The model’s response to these radiative forcings depends upon how I set the model’s: (1) ocean mixing depth, which will determine how much the temperature will change for a given energy imbalance imposed upon the model, and (2) feedback parameter, which is what we ultimately want to determine from the satellite data.
I found that a 70 meter deep layer provided about the right RATIO between the satellite-observed monthly radiative variations (0.8 Watts per sq. meter standard deviation) and SST variations (0.08 deg. C standard deviation). At the same time, I had to adjust the magnitude of the radiative forcing to get about the right ABSOLUTE MAGNITUDES for those standard deviation statistics, too.
The “best fit” I got after about an hour of fiddling around with the inputs is represented by the blue curve in the above chart. Importantly, the assumed feedback parameter (5.5) is solidly in “negative feedback” territory. IF this was the true feedback operating in the real climate system on the long time scales of ‘global warming’, it would mean that our worries over anthropogenic global warming have been, for all practical purposes, a false alarm.
The Simple Model Run With the IPCC’s Average Feedback
At this point, a natural question is, How does the simple model behave if I run it with a feedback typical of the IPCC climate models? The average net feedback parameter across the IPCC models is about 1.4 Watts per sq. meter per degree, and the following plot shows the simple model’s response to that feedback value compared to the satellite observations.
A comparison between the 2 charts above would seems to indicate that the satellite data are more consistent with negative feedback (which, if you are wondering, is a net feedback parameter greater than 3.2 W m-2 K-1) than they are with positive feedback. But it could be that feedbacks diagnosed from the IPCC models only over the global oceans will be necessary to provide a more apples-to-apples comparison on this point.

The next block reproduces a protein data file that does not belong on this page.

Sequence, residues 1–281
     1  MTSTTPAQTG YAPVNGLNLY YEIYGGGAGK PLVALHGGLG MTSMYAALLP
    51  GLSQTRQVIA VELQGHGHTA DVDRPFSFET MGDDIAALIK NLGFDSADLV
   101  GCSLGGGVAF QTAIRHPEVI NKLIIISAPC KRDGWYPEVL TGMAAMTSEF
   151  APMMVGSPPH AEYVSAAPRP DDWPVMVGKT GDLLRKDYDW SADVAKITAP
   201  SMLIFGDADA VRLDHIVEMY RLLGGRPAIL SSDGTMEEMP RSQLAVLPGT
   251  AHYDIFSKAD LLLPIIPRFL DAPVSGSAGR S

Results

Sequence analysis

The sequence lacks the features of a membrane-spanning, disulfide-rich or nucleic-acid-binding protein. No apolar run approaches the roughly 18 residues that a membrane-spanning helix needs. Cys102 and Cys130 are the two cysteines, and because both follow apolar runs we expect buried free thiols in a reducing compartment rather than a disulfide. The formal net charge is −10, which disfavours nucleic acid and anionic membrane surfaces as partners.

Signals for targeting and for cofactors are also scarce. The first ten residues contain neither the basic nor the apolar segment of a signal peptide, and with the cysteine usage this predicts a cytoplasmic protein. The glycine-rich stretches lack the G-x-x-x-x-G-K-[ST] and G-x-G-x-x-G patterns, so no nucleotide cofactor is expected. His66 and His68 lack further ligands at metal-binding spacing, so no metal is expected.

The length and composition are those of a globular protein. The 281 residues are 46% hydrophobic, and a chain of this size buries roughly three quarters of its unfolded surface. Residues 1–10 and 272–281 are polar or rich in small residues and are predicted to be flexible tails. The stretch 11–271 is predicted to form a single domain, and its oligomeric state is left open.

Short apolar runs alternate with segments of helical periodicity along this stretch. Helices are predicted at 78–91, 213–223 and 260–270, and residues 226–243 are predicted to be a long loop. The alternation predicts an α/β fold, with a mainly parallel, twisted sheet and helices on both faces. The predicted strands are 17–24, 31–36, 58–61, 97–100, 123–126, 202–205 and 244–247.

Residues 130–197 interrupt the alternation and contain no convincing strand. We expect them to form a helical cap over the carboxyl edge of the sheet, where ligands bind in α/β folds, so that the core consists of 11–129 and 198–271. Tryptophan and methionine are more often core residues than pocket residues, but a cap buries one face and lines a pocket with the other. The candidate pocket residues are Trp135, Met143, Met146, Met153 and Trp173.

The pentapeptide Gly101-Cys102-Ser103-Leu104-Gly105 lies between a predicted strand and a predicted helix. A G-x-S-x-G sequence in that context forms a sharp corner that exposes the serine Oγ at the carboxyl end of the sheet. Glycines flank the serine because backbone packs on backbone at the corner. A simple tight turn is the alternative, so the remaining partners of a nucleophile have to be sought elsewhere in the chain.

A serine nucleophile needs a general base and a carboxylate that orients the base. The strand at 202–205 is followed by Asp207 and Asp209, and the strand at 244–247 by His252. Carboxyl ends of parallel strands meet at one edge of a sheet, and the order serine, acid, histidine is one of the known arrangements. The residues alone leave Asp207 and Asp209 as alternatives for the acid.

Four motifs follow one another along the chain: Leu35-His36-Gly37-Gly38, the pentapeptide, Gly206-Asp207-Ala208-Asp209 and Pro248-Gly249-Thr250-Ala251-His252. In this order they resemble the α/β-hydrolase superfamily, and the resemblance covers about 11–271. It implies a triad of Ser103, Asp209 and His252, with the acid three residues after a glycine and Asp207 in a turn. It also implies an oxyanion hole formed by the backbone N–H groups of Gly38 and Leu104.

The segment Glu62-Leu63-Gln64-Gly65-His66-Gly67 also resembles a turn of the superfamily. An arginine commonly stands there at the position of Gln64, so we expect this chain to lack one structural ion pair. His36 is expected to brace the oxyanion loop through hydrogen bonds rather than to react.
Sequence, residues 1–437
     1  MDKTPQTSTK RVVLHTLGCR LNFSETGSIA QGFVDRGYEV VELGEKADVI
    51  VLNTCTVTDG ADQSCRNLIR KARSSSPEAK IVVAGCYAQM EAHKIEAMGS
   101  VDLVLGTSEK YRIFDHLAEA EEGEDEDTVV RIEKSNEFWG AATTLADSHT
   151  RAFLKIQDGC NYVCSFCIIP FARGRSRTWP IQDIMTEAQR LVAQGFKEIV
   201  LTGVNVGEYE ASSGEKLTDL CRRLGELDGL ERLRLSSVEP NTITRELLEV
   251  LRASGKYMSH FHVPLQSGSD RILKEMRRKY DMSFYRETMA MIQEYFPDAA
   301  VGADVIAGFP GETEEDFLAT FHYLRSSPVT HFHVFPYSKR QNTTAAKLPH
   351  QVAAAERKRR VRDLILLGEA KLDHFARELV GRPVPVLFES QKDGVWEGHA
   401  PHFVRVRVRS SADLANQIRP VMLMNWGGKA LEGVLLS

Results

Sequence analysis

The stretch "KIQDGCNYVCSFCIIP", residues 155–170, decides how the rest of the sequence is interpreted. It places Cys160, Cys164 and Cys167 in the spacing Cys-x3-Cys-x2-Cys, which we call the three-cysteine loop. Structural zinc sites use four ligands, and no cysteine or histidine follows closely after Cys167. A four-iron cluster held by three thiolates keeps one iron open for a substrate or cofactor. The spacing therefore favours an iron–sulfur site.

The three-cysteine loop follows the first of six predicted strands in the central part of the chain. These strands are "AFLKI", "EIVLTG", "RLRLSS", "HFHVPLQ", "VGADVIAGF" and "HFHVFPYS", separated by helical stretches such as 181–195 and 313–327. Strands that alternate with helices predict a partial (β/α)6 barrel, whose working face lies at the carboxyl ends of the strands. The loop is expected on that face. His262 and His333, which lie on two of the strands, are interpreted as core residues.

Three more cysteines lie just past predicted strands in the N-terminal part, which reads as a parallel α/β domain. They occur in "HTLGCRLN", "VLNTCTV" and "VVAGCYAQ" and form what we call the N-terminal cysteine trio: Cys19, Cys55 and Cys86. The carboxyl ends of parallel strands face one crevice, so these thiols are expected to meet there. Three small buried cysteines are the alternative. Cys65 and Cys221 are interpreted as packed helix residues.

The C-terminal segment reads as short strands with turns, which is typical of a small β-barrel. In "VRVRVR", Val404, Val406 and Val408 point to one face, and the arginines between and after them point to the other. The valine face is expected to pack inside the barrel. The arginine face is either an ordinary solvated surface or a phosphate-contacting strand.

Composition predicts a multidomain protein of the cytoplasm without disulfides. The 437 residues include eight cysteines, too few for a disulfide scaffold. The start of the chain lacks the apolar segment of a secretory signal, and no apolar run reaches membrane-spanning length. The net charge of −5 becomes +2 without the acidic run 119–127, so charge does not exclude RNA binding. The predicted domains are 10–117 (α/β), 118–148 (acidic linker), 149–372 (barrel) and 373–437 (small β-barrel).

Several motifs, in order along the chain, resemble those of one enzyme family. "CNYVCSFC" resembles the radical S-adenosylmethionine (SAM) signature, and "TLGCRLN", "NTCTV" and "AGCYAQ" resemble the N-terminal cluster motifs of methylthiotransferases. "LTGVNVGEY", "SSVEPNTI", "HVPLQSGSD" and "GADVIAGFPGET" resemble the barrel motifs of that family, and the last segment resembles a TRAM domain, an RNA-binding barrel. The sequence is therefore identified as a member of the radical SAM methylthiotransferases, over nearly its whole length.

While it would be tempting to think that the IPCC models are potentially invalidated by this comparison, Dessler (2010) has correctly pointed out that the short-term feedback behavior of the IPCC models appear to have little or no relationship to their long-term climate sensitivity.
In other words, even if short-term feedbacks in the real climate system are strongly negative, this doesn’t prove the long-term global warming in the models is wrong.
In fact, NO ONE HAS YET FOUND A WAY WITH OBSERVATIONAL DATA TO TEST CLIMATE MODEL SENSITIVITY. This means we have no idea which of the climate models projections are more likely to come true.
This dirty little secret of the climate modeling community is seldom mentioned outside the community. Don’t tell anyone I told you.
This is why climate researchers talk about probable ranges of climate sensitivity. Whatever that means!…there is no statistical probability involved with one-of-a-kind events like global warming!
There is HUGE uncertainty on this issue. And I will continue to contend that this uncertainty is a DIRECT RESULT of researchers not distinguishing between cause and effect when analyzing data.
Toward Improved Climate Sensitivity Estimates
As I mentioned yesterday, Dessler (2010) only addressed ZERO-time lag relationships, as did all previous investigators doing similar kinds of work. In contrast, the plots I am presenting here (and in yesterday’s post) show how these regression coefficients vary considerably with time lag. In fact, at zero time lag, the relationships become virtually meaningless. Cause and effect are hopelessly intertwined.
But we CAN measure radiative changes BEFORE a temperature peak is reached, and in the months FOLLOWING the peak. Using such additional “degrees of freedom” in data analysis will be critical if we are to ever determine climate sensitivity from observational data. I know that Dick Lindzen is also advocating the very same point. If you are a lay person who understands this, can i get an “amen”? Because, so far, other climate researchers are keeping their mouths shut.
It is imperative that the time lags (at a minimum) be taken into account in such studies. Our previous paper (Spencer & Braswell, 2010) used phase space plots as a way of illustrating time lag behavior, but it could be that plots like I have presented here would be more readily understood by other scientists.
Unfortunately, the longer the climate community establishment keeps its head in the sand on this issue , the more foolish they will look in the long run.